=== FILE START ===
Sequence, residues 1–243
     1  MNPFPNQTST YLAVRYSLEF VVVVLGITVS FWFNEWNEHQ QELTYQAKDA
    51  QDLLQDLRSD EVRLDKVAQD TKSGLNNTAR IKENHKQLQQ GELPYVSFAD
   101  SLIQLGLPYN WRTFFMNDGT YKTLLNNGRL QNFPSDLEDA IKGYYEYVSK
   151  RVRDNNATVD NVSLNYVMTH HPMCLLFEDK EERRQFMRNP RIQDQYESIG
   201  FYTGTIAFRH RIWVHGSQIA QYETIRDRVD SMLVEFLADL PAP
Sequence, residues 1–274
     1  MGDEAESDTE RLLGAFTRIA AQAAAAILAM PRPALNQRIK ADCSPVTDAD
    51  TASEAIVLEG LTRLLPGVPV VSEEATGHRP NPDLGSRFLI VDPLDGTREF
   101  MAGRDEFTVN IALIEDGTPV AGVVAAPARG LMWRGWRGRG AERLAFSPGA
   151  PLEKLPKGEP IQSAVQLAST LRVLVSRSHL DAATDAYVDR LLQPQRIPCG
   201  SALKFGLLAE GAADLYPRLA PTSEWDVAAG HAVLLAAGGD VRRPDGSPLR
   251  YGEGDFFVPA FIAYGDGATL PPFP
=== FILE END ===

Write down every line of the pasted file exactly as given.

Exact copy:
Sequence, residues 1–243
     1  MNPFPNQTST YLAVRYSLEF VVVVLGITVS FWFNEWNEHQ QELTYQAKDA
    51  QDLLQDLRSD EVRLDKVAQD TKSGLNNTAR IKENHKQLQQ GELPYVSFAD
   101  SLIQLGLPYN WRTFFMNDGT YKTLLNNGRL QNFPSDLEDA IKGYYEYVSK
   151  RVRDNNATVD NVSLNYVMTH HPMCLLFEDK EERRQFMRNP RIQDQYESIG
   201  FYTGTIAFRH RIWVHGSQIA QYETIRDRVD SMLVEFLADL PAP
Sequence, residues 1–274
     1  MGDEAESDTE RLLGAFTRIA AQAAAAILAM PRPALNQRIK ADCSPVTDAD
    51  TASEAIVLEG LTRLLPGVPV VSEEATGHRP NPDLGSRFLI VDPLDGTREF
   101  MAGRDEFTVN IALIEDGTPV AGVVAAPARG LMWRGWRGRG AERLAFSPGA
   151  PLEKLPKGEP IQSAVQLAST LRVLVSRSHL DAATDAYVDR LLQPQRIPCG
   201  SALKFGLLAE GAADLYPRLA PTSEWDVAAG HAVLLAAGGD VRRPDGSPLR
   251  YGEGDFFVPA FIAYGDGATL PPFP